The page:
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Growing Grain Crops in Dry Areas - With Information on Varieties of Grain Crop Suitable for Dry Land Farming

Growing Grain Crops in Dry Areas - With Information on Varieties of Grain Crop Suitable for Dry Land Farming

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Growing Grain Crops in Dry Areas - With Information on Varieties of Grain Crop Suitable for Dry Land Farming

Longueur:
44 pages
39 minutes
Sortie:
Oct 26, 2011
ISBN:
9781447490913
Format:
Livre

Description

This book offers the reader a comprehensive guide to growing grain in arid areas, exploring in detail the various problems and how they can be overcome. Containing information on the methods of growing a variety of different types of grain crop, this detailed handbook is thoroughly recommended for anyone interested in the techniques of the agricultural industry. Contents include: “Farming”, “Growing Grain Crops In Dry Areas”, “Growing Wheat, Winter And Spring”, “Growing Rye, Winter And Spring”, “Growing Flax”. Many vintage books such as this are increasingly scarce and expensive. It is with this in mind that we are republishing this volume now in an affordable, modern, high-quality edition complete with a specially-commissioned new introduction on farming.
Sortie:
Oct 26, 2011
ISBN:
9781447490913
Format:
Livre

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Growing Grain Crops in Dry Areas - With Information on Varieties of Grain Crop Suitable for Dry Land Farming - Thomas Shaw

Flax

GROWING GRAIN CROPS IN DRY AREAS

The chief of the small grains grown in Montana, and in fact in all the states north of Salt Lake City, include the following: Winter and spring wheat, winter and spring rye, flax, barley, oats, peas and speltz. The aim has been to name these in the order of relative importance viewed from the standpoint of possible profitable production based on the climate and soil conditions. But it does not follow that the relative importance thus assigned to them will correspond with the extent to which they will be grown by the farmer, at least for many years to come. There can be no question, however, about the place that shall be assigned to wheat in the semi-arid region. It will probably continue to hold the premier place among the revenue producing crops on the unirrigated land during the centuries that are yet to be.

GROWING WHEAT, WINTER AND SPRING

While both winter and spring wheat may and will be grown on the lands of much of the semi-arid country, winter wheat will, in nearly all instances, be the more important crop. This will follow, first, from the fact that it will produce much larger yields than spring wheat; such at least has been the case in all areas practically that have been found favorable to the growth of winter wheat. The difference will probably be not less than 50 per cent. in favor of winter wheat on the average. It will follow, second, from the fact that winter wheat will mature earlier than spring wheat and will, therefore, be much less injured by the drought and heat that characterize the summer months. It will follow, third, from the fact that it so changes the time of the sowing and the reaping, that the farmer can grow this crop without adding to the expense for hired labor. The adaptations of the conditions for growing winter wheat successfully in the semi-arid country are indeed remarkable, whether the bulk of the precipitation comes in the autumn and winter months or during the period of greatest growth. The winter wheat crop, because of the very large yields that are frequently obtained, will, in many instances, pay for the land that grew it in a single crop. This does not mean that spring wheat may not be grown with much success in many areas, but that the attention should rather be centered on the growing of winter wheat where it may be grown with remarkable success.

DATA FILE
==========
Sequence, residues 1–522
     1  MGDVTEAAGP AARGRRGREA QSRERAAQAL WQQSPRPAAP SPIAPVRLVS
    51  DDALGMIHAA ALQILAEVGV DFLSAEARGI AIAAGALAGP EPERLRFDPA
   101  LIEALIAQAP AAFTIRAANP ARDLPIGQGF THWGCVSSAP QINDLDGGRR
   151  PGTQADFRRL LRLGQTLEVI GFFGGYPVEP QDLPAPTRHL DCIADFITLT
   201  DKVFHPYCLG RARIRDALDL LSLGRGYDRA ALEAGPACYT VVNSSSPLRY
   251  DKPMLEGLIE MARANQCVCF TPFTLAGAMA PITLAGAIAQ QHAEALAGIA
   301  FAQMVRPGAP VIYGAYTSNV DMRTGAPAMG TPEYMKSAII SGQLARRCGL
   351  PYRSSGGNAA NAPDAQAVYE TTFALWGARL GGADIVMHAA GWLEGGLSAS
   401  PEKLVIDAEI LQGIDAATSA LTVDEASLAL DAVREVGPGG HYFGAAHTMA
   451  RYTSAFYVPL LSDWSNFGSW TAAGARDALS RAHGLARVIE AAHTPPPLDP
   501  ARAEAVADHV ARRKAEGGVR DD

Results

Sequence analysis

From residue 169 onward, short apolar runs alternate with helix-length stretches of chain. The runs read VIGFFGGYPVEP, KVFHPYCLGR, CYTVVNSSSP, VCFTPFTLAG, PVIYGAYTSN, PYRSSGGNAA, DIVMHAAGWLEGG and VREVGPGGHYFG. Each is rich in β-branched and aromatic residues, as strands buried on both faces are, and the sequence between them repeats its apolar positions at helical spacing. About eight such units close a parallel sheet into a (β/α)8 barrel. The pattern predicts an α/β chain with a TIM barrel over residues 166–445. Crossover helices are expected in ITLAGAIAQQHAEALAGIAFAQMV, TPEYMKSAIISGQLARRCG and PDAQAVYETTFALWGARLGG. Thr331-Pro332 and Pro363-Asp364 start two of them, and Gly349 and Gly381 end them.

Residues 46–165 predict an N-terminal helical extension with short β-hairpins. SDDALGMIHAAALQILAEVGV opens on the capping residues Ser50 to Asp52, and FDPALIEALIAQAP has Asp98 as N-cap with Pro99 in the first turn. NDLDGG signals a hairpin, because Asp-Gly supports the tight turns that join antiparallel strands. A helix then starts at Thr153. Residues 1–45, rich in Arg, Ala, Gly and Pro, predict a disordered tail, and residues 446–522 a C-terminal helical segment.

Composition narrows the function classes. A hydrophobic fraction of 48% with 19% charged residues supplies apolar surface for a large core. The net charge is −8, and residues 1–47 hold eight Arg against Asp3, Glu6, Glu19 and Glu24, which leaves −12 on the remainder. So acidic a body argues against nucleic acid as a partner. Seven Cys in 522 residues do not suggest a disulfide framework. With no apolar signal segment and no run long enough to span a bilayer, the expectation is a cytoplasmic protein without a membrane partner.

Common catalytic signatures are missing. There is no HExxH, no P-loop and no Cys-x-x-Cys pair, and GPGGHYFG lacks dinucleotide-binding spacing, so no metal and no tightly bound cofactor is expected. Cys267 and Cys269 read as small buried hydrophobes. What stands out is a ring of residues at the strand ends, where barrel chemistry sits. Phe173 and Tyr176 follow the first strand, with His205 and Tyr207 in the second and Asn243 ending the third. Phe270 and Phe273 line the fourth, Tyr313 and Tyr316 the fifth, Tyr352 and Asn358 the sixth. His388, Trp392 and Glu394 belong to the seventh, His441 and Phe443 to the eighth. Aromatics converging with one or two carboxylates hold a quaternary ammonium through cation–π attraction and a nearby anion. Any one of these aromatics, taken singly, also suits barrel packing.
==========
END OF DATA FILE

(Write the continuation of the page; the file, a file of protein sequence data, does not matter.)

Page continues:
DRY LAND DURUM WHEAT GROWN NEAR GREAT FALLS, MONT

Courtesy Great Northern Railway Co.

Soils.—The soils of the larger portions of the arable farms of the western states have high adaptation for the growth of winter wheat. They are exceedingly rich in the mineral constituents that favor grain production, they may, as a rule, be easily penetrated by the roots of the wheat plants and they very readily retain moisture that falls when properly managed. The clay loam soils and the sandy loam soils underlaid with clay, and the volcanic ash soils of the farther west, have very high adaptation for growing wheat with reference, first, to the food constituents which they contain; second, with

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